The post attracted such immediate and harsh criticism for ignoring the abuse backstory that pulled it. Deirdre Saoirse Moen then wrote a widely-read post on the topic, drawing on information received in emails from Moira Greyland. Through that, Vox Day became aware not only of some actual pedophilia history in the sf field, but he got Greyland to write a book for Castlia House, which he then slated onto the 2016 Hugo ballot.

      The history of Walter Breen was known within fandom from the time he was banned from the 1964 Worldcon, however as fandom grew there were always people for whom it was news. Stephen Golden devoted part of a website to it in the 90s. But what history means changes according to the culture of the present day. And in Vox Day’s case, also according to his agenda, which is to attack a whole array of targets: the Hugos, feminism, homosexuality, pagans, and anything else on his list.

      Liked by 2 people

      • A point of clarification — I mean overlooked in the comment discussion now. Camestros presumably will cover all this in a later segment where it belongs.


      • Tip o’ the hat to Mike on this matter. Thank you in particular for mentioning Stephen Golden’s Web pages, which furnished Deirdre with additional definitive counterarguments, just as a cascade of wandering critics were trying to claim her blog-essay critique of MZB had been unfounded: In fact, Deirdre explained in a follow-up essay, until she rediscovered the court testimony and other evidence Golden had preserved, she had naively understated the degree and scope of Bradley’s personal participation in Breen’s crimes.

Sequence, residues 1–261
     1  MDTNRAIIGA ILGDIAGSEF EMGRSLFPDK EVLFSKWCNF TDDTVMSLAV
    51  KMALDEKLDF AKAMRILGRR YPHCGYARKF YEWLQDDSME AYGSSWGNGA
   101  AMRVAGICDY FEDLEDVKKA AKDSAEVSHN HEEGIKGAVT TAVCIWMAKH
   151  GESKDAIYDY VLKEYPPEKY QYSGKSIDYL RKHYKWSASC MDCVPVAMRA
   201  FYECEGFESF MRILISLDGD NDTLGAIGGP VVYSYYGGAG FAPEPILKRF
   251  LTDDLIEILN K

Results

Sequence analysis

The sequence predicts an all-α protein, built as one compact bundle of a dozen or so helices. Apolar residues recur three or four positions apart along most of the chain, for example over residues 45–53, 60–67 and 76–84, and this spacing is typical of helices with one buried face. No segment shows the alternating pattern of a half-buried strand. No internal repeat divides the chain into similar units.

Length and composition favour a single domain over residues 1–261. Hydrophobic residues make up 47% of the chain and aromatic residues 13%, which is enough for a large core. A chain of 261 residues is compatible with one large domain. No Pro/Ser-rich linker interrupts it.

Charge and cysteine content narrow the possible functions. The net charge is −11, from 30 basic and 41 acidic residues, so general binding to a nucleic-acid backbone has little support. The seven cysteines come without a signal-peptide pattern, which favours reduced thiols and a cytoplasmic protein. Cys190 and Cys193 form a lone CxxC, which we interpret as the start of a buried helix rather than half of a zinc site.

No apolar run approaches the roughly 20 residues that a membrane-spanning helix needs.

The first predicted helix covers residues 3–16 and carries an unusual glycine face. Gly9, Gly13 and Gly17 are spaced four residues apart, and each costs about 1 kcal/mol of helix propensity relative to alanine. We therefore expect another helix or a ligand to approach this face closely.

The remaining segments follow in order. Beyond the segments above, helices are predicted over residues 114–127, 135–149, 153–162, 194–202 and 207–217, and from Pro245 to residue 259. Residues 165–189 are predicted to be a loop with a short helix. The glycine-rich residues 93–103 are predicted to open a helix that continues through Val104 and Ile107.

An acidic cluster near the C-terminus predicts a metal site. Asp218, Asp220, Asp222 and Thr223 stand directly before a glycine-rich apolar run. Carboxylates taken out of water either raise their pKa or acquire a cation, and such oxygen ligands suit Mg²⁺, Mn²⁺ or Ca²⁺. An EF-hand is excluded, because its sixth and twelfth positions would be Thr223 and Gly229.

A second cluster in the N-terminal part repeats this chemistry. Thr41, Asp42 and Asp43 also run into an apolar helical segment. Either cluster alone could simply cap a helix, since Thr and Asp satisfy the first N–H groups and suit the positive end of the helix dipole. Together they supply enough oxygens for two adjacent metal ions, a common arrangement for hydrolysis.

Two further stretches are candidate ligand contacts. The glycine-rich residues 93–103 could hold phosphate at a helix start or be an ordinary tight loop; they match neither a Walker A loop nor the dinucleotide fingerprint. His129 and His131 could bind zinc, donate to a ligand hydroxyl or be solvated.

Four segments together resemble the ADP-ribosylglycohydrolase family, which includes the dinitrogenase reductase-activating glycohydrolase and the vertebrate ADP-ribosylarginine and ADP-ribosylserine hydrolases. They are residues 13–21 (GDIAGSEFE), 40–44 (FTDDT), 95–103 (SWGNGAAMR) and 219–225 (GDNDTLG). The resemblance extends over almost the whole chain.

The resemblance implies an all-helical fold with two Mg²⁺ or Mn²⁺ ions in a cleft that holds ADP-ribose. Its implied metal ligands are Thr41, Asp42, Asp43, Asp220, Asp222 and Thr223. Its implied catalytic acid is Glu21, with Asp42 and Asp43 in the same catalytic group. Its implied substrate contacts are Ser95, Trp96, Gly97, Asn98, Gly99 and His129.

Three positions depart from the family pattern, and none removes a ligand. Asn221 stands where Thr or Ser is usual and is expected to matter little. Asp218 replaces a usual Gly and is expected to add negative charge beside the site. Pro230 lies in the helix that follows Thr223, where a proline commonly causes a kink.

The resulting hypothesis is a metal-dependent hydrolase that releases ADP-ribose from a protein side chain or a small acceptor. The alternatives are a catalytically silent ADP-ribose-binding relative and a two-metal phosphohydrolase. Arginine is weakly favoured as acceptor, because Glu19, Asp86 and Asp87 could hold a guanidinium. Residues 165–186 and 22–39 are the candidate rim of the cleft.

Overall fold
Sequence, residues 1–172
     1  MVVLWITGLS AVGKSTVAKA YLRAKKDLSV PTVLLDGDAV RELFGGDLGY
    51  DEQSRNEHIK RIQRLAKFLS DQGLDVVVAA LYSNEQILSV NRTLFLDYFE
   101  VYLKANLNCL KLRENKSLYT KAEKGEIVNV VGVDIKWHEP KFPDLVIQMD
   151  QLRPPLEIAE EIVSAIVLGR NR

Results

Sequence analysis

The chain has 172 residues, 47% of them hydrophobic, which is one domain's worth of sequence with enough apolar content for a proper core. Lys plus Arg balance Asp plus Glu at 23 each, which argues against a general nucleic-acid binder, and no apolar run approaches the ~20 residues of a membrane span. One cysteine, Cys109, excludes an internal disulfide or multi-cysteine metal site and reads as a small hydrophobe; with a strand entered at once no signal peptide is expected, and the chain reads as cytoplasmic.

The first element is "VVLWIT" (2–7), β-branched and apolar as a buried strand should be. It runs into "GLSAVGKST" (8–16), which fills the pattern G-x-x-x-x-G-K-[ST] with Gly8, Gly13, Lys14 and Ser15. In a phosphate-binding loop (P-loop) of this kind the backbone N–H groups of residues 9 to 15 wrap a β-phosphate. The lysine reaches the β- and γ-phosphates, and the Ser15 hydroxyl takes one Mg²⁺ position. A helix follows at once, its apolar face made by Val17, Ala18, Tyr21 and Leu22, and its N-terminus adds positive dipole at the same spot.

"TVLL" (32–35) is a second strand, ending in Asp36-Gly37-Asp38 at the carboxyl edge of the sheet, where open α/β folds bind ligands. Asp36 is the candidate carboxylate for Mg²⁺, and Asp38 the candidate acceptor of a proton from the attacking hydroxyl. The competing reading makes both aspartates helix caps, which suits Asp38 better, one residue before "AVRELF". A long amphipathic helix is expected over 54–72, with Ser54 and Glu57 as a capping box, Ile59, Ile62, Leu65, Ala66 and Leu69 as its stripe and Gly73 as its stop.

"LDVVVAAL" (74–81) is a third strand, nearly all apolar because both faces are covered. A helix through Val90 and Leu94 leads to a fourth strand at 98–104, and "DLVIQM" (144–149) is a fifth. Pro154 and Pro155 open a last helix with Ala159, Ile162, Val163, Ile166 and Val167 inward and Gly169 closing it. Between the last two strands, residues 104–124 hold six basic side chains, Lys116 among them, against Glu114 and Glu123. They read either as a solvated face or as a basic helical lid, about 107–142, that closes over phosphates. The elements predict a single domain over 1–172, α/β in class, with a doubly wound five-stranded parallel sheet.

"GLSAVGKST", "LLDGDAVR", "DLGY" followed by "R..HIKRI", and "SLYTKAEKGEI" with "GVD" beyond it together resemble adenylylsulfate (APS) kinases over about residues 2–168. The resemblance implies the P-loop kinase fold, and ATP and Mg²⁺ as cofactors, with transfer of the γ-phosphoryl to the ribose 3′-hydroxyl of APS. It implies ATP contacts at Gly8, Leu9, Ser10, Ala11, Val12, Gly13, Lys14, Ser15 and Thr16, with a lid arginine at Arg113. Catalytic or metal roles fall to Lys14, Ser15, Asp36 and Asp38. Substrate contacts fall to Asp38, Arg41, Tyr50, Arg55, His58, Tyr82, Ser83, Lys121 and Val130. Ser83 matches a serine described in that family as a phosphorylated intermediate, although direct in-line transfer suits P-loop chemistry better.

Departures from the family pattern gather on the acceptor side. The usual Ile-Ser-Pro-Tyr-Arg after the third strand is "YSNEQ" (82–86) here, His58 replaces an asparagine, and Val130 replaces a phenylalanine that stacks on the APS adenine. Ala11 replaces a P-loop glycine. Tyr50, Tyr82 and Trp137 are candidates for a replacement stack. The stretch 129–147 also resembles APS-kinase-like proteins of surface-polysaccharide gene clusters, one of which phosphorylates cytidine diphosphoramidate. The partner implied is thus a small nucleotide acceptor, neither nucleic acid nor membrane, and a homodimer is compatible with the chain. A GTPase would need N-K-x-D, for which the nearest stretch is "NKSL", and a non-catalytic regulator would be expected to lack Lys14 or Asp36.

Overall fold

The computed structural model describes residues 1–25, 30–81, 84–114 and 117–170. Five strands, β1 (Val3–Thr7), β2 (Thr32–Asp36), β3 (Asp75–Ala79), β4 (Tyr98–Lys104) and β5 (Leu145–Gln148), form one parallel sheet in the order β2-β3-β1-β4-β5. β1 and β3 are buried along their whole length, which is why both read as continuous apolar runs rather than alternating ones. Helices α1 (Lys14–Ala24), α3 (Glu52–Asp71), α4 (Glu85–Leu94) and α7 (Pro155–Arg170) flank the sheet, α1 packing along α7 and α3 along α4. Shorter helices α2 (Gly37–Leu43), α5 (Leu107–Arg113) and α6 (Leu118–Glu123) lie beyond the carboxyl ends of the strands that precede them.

And, Cam: Deirdre says she will be glad to assist as needed, concerning the MZB ruckus of 2014. She can be reached directly (e-mail) at, and I’ve just now called her attention to your current series of retrospectives.

        A propos of little: I’ll always cherish the memory of the Dublin Worldcon’s staff (and nearby hotel employees) handling the “Deirdre Saoirse” majority of my wife name with aplomb, but then stumbling on its “Moen” caboose. (Well, that’s certainly different, thought I.)


        • Goldin — right. Somehow my typing fingers decided they knew better than what was in my head.